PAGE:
Saturday, June 24, 2017

When I was a child, my mother used to say that my father had been a pupil at the “ragged” school. Despite the fact that I knew this was not to be taken seriously, I used to picture him - a small boy dressed in rags. Much later I discovered that indeed there had once been such schools. 

It all began in 1818 when John Pounds a shoemaker in Portsmouth began teaching poor children in his workshop free of charge.

John Pounds 1766-1839
with some of his scholars

The concept soon spread with the work of people like Rev Thomas Guthrie in Edinburgh and Sheriff Watson in Aberdeen. There was a big leap forward in 1844 when Lord Shaftsbury founded the Ragged Schools Union, and by 1870, when the Education Act was passed, the number of ragged schools had reached 350.


And now a quick leap from a ragged school to my secondary school - Lenzie Academy. This photo shows the final year pupils in 1943. Counting the rows from the front up, I'm on the 3rd row, 3rd from the right.


   A row of bottles on my shelf
Caused me to analyse myself.
One yellow pill I have to pop
Goes to my heart so it won't stop.

A little white one that I take
Goes to my hands so they won't shake.
The blue ones that I use a lot
Tell me I'm happy when I'm not.

The purple pill goes to my brain
And tells me that I have no pain.
The capsules tell me not to wheeze
Or cough or choke or even sneeze.

The red ones, smallest of them all
Go to my blood so I won't fall.
The orange ones, very big and bright
Prevent my leg cramps in the night.

Such an array of brilliant pills
Helping to cure all kinds of ills.
But what I'd really like to know
Is what tells each one where to go.
- Anon


After the death of her husband Dewi, Brenda Rowland was going through his possessions and eventually came to his precious garden hut. Over the years he had kept a locked wooden box there and had refused to tell her what it contained.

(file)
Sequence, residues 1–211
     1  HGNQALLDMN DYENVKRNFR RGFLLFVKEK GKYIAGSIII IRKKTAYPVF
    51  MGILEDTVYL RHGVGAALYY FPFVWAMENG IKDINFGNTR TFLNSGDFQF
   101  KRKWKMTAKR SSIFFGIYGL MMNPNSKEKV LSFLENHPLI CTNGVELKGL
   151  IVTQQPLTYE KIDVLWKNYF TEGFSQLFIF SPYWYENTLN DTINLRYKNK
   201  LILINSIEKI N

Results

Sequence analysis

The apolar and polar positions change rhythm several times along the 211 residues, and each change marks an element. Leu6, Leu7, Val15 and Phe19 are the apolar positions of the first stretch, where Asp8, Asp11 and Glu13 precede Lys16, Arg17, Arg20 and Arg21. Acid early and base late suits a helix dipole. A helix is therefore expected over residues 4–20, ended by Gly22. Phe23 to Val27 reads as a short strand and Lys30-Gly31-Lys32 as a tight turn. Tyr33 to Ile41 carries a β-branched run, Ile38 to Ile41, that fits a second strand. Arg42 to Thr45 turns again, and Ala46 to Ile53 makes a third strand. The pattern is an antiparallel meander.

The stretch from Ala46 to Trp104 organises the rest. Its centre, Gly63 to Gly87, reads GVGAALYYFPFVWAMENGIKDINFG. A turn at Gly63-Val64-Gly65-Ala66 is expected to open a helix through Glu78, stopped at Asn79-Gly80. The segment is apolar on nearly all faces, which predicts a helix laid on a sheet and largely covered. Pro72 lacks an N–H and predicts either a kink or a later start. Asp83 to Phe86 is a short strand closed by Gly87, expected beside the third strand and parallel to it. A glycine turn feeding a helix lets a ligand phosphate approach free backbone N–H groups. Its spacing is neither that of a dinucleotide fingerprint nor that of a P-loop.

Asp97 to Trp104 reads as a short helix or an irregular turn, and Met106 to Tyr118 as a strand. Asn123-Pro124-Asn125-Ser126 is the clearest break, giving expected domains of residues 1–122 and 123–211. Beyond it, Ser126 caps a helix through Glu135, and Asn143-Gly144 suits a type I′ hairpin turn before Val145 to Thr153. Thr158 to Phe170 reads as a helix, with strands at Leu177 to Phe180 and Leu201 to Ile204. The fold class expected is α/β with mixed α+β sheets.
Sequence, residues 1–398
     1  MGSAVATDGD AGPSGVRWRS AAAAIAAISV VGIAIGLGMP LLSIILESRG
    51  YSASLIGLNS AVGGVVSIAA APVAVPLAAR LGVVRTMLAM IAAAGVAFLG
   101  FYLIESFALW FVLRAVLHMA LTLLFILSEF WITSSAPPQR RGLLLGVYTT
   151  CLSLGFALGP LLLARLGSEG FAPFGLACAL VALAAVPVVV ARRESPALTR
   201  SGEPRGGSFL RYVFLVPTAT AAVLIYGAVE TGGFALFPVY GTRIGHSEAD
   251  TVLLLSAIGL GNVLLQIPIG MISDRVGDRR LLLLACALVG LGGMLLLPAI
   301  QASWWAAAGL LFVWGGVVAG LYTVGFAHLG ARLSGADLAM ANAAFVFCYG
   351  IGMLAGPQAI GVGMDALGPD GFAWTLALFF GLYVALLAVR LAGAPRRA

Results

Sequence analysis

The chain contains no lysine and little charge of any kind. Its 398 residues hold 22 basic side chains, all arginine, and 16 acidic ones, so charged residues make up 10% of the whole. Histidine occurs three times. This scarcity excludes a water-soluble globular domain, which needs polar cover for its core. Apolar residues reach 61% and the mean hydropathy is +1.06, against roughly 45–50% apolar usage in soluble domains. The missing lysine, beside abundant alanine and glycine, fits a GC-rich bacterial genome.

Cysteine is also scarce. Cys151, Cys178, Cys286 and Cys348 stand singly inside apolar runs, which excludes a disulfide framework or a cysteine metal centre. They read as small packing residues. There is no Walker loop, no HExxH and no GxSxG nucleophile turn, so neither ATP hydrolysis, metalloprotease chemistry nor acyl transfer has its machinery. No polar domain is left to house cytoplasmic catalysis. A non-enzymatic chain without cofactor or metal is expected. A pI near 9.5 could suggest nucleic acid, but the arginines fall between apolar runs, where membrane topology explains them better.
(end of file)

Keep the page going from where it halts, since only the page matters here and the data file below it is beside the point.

So rather reluctantly and with some worrying thoughts, she decided to open the box. She was astonished to find it was full of old toys, obviously things he had played with and loved when he was a boy.
Lined with a 1937 newspaper, the box contained ludo, snakes and ladders, building bricks, skipping ropes, a little farm with animals, zoo animals, lead soldiers, a yo-yo, a wooden alphabet, marbles, and a clockwork train.
With no children to pass them on to, he had kept them all those years. 

Do you think he would sometimes open the box and handle those precious things which had been so important to him once?



This picture shows the Gypsy Queen on the Forth and Clyde Canal at Townhead Bridge, Kirkintilloch. The bridge, the original wooden one, has been raised to allow the boat to pass through. The photo must have been taken some time before 1914; that was the year St Mary’s was built and the church steeple would have been clearly seen between the bridge-keeper’s cottage on the right and the Temperance Hotel across the road.

The construction of the canal began in 1768 and took 22 years to complete. In the early days traffic of all kinds used the waterway and even in my childhood there were horse-drawn barges, fishing boats, coal-fired boats and pleasure boats like the Gypsy Queen.

This next picture, taken from the steeple of St. Mary’s, looks down on the bridge and the main street stretching south. The first building on the left across the canal is a public house. Following the “no licence” vote in 1920 all the pubs were closed, and that property became the police station. After a number of unsuccessful attempts, a public vote in 1969 resulted in a defeat for the "dry" supporters and licensed premises returned to the town. The building is now a pub once more.

Returning to the photo, the tenement across the road is the Co-operative Building always pronounced "cope." and this building is still there. Further ahead the steeple on the right is that of St. Andrew’s Church which was demolished many years ago. 


Finally -

I'm growing fonder of my staff;
I'm growing dimmer in my eyes;
I'm growing fainter in my laugh;
I'm growing deeper in my sighs;
I'm growing careless of my dress;
I'm growing frugal of my gold;
I'm growing wise; I'm growing--yes,--
I'm growing old.” 
John Godfrey Saxe